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© Research
Publication : Circulation research

Asymmetric fate of the posterior part of the second heart field results in unexpected left/right contributions to both poles of the heart

Scientific Fields
Diseases
Organisms
Applications
Technique

Published in Circulation research - 05 Sep 2012

Domínguez JN, Meilhac SM, Bland YS, Buckingham ME, Brown NA

Link to Pubmed [PMID] – 22955731

Circ. Res. 2012 Oct;111(10):1323-35

RATIONALE: The second heart field (SHF) contains progenitors of all heart chambers, excluding the left ventricle. The SHF is patterned, and the anterior region is known to be destined to form the outflow tract and right ventricle.

OBJECTIVE: The aim of this study was to map the fate of the posterior SHF (pSHF).

METHODS AND RESULTS: We examined the contribution of pSHF cells, labeled by lipophilic dye at the 4- to 6-somite stage, to regions of the heart at 20 to 25 somites, using mouse embryo culture. Cells more cranial in the pSHF contribute to the atrioventricular canal (AVC) and atria, whereas those more caudal generate the sinus venosus, but there is intermixing of fate throughout the pSHF. Caudal pSHF contributes symmetrically to the sinus venosus, but the fate of cranial pSHF is left/right asymmetrical. Left pSHF moves to dorsal left atrium and superior AVC, whereas right pSHF contributes to right atrium, ventral left atrium, and inferior AVC. Retrospective clonal analysis shows the relationships between AVC and atria to be clonal and that right and left progenitors diverge before first and second heart lineage separation. Cranial pSHF cells also contribute to the outflow tract: proximal and distal at 4 somites, and distal only at 6 somites. All outflow tract-destined cells are intermingled with those that will contribute to inflow and AVC.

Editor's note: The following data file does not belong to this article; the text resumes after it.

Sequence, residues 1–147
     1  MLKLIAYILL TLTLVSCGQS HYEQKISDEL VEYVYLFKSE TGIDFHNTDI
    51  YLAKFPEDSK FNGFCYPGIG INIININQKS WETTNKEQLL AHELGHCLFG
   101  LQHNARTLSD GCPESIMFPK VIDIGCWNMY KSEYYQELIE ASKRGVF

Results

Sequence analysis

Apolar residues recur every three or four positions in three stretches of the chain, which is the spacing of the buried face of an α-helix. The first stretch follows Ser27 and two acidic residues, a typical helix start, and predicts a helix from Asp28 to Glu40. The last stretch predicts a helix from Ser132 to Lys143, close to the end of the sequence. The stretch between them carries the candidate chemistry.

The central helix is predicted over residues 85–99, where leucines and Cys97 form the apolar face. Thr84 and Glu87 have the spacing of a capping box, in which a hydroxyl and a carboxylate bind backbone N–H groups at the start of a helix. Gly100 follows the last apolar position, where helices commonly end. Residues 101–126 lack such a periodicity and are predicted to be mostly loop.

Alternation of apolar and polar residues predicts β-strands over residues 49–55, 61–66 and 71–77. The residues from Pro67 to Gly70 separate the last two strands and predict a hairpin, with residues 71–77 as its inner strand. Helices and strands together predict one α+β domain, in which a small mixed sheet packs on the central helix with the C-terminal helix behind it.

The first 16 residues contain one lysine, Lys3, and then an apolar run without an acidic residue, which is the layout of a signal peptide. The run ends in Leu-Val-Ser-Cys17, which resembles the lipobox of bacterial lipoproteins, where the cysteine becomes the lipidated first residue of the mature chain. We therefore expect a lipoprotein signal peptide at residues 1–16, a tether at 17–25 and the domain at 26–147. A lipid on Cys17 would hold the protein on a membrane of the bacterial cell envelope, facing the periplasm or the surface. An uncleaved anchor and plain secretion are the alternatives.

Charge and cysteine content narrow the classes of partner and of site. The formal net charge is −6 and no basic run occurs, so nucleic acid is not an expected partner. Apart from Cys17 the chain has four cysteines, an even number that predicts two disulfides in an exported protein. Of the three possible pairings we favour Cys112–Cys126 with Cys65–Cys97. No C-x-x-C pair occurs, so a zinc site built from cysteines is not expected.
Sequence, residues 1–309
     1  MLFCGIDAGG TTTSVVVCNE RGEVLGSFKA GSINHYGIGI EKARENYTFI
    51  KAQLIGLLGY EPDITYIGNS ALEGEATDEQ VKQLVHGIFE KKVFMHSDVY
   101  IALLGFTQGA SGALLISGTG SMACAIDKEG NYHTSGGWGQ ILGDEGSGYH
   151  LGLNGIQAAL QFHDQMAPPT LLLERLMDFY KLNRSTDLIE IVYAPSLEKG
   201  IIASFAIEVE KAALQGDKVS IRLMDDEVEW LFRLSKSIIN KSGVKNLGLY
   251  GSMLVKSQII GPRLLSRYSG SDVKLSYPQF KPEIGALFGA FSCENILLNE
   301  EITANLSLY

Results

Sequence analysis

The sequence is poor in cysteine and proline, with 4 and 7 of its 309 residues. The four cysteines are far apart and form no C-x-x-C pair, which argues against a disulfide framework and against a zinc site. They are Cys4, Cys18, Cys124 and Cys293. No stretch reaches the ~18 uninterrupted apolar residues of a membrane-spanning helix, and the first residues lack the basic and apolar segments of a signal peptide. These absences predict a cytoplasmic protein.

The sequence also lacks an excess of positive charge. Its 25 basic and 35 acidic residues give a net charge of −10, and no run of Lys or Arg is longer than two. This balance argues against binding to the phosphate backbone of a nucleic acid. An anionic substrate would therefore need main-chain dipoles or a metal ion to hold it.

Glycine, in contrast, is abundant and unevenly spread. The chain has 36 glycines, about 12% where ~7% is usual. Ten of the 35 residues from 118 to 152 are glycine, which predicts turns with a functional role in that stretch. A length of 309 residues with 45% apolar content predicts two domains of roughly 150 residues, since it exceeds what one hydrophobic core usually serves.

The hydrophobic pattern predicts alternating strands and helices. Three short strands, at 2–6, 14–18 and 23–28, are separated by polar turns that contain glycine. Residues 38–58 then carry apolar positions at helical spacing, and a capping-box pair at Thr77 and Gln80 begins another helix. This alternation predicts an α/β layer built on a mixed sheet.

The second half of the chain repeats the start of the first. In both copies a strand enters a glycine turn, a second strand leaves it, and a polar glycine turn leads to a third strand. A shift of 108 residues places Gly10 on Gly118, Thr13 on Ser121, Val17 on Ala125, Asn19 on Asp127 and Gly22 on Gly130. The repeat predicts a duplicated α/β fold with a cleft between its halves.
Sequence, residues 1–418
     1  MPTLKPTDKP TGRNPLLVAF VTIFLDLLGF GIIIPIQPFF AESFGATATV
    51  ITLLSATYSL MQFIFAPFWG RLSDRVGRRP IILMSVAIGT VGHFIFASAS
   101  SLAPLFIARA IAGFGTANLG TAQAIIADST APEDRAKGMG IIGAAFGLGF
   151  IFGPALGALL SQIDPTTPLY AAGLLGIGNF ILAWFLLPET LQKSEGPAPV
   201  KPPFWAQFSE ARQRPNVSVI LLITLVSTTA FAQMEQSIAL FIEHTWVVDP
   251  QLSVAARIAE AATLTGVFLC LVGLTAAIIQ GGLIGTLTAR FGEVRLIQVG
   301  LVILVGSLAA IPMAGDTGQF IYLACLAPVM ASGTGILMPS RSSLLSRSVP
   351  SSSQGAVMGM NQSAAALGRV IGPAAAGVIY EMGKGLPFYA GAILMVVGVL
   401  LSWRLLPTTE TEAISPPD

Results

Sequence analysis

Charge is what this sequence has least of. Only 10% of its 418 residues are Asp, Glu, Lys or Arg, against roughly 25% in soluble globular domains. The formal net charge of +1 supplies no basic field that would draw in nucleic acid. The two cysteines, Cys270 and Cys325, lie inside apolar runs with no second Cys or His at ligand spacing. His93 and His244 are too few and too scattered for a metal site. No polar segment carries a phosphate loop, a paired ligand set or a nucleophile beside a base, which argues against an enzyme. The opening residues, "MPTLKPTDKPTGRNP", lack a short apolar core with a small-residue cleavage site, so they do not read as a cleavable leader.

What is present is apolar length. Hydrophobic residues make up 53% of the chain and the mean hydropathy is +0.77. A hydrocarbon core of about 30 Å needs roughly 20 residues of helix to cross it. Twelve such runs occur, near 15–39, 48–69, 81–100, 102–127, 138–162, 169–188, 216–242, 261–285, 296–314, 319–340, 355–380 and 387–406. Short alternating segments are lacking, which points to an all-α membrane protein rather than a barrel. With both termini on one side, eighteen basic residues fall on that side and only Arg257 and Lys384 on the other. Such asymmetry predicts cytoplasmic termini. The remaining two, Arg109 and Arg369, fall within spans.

CONCLUSIONS: These observations show asymmetric fate of the pSHF, resulting in unexpected left/right contributions to both poles of the heart and can be integrated into a model of the morphogenetic movement of cells during cardiac looping.

http://www.ncbi.nlm.nih.gov/pubmed/22955731